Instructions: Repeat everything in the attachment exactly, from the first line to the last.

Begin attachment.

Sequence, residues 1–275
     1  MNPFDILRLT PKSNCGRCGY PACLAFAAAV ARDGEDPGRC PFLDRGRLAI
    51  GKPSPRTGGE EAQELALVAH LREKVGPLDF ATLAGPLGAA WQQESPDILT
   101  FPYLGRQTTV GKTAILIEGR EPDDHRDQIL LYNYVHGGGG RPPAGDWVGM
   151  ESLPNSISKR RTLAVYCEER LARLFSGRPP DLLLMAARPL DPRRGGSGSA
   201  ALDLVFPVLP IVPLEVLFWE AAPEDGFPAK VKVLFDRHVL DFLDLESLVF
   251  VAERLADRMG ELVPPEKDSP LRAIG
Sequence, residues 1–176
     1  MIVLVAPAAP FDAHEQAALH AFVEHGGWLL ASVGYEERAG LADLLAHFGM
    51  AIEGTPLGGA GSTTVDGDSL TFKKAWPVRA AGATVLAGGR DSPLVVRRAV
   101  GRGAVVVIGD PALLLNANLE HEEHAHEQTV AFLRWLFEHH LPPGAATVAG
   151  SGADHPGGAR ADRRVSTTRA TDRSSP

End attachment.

Sequence, residues 1–275
     1  MNPFDILRLT PKSNCGRCGY PACLAFAAAV ARDGEDPGRC PFLDRGRLAI
    51  GKPSPRTGGE EAQELALVAH LREKVGPLDF ATLAGPLGAA WQQESPDILT
   101  FPYLGRQTTV GKTAILIEGR EPDDHRDQIL LYNYVHGGGG RPPAGDWVGM
   151  ESLPNSISKR RTLAVYCEER LARLFSGRPP DLLLMAARPL DPRRGGSGSA
   201  ALDLVFPVLP IVPLEVLFWE AAPEDGFPAK VKVLFDRHVL DFLDLESLVF
   251  VAERLADRMG ELVPPEKDSP LRAIG
Sequence, residues 1–176
     1  MIVLVAPAAP FDAHEQAALH AFVEHGGWLL ASVGYEERAG LADLLAHFGM
    51  AIEGTPLGGA GSTTVDGDSL TFKKAWPVRA AGATVLAGGR DSPLVVRRAV
   101  GRGAVVVIGD PALLLNANLE HEEHAHEQTV AFLRWLFEHH LPPGAATVAG
   151  SGADHPGGAR ADRRVSTTRA TDRSSP